Three new spells - Fiery Conclusion, Summon Balor Whip and Form of the Balor - are presented, along with the mythic modifications applicable to them; then there is - should that inquisitive demonologist decided to ignore the warning - the ritual for summoning one. Don't try this at home, as they say.

Keep this to hand for when you really want to pull the stops out. An impressive and really scary demon that I, for one, do not wish to encounter - ever!

Rating:
[5 of 5 Stars!]
Mythic Mastery - The Mythic Balor
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Liber Vampyr
by Thomas C. [Verified Purchaser] Date Added: 02/09/2014 21:06:08
Man, I wish these guys had written the vampire section in the D&D core rulebook.

Rating:
[5 of 5 Stars!]
Liber Vampyr
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Mythic Mastery - Mythic Heritage: Demonic Heritage
by Megan R. [Featured Reviewer] Date Added: 01/18/2014 11:48:45
OK, so you're a Mythic figure. How did you come to be so? Your Path represents your destiny, but your Heritage speaks of your origins. Interestingly, this may not be something that you are aware of even once you've realised that you are Mythic...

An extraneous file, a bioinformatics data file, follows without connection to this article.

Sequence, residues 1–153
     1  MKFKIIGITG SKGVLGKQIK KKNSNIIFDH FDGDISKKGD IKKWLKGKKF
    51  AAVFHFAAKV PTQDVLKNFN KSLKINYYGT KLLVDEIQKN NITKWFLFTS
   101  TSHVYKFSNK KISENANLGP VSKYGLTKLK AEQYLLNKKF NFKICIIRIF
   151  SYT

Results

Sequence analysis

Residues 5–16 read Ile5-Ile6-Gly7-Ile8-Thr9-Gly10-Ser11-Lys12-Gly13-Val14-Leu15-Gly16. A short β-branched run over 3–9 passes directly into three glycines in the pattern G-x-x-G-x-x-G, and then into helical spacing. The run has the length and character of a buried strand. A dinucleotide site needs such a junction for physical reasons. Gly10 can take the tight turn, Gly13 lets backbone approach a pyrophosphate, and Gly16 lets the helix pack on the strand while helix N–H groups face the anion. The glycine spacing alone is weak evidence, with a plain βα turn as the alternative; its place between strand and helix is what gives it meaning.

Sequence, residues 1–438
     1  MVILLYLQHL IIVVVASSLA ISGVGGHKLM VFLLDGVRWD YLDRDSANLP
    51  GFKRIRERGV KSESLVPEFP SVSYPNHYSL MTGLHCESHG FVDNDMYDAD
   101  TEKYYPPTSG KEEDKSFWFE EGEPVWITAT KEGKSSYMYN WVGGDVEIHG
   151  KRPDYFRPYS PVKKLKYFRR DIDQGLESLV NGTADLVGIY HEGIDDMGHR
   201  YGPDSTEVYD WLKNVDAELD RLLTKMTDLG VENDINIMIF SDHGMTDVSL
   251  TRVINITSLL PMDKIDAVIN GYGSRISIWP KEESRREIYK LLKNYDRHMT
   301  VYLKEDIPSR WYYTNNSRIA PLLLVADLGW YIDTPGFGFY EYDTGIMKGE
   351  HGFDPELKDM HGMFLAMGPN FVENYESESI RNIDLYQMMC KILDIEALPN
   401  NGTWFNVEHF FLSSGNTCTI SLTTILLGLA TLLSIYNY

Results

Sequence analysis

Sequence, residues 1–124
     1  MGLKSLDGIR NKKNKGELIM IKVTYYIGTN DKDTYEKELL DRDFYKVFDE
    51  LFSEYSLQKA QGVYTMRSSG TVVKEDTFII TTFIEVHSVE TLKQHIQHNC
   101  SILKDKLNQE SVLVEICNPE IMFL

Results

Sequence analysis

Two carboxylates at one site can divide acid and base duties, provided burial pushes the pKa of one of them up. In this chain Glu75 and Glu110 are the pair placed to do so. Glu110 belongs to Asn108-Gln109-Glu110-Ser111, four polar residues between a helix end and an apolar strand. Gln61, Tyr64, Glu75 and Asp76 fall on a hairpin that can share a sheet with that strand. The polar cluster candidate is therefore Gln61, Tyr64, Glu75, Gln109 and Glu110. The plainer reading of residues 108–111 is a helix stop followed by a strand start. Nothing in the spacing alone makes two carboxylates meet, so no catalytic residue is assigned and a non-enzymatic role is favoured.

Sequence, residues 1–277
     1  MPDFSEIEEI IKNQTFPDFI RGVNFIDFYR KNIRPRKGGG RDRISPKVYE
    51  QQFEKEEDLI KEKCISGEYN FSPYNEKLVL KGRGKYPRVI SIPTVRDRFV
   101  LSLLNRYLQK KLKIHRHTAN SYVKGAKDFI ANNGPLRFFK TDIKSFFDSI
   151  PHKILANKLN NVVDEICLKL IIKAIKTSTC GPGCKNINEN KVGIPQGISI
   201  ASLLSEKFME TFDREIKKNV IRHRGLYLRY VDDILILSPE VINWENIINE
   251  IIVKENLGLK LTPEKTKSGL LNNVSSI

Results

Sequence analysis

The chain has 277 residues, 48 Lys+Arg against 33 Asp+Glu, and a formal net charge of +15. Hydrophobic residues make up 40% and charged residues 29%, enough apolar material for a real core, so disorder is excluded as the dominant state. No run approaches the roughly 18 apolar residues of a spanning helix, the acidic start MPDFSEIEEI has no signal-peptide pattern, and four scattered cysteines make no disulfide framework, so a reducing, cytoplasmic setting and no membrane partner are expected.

This work explores one route to becoming Mythic, that you might have some demonic heritage. It may come in one of a range of ways, not just having a demon somewhere in your family tree. It might be the result of a ritual, or perhaps a cursed item imbued with the taint of the Abyss is affecting you. Whatever, any character whose alignment is neither Good nor Lawful could have a demonic heritage.

Having a demonic heritage opens up a range of new Mythic Abilities that are available to the character any time he becomes eligible to gain an ability from his Mythic Path. The character may choose to take a Path or a Heritage Ability, picking from the appropriate tier.

All that explained, the rest of the work lists the Abilities available. Many are pretty nasty as you might imagine, but at the 6th Tier you can even put temptation in someone's way with a Wicked Wish... all devilishly good fun, what?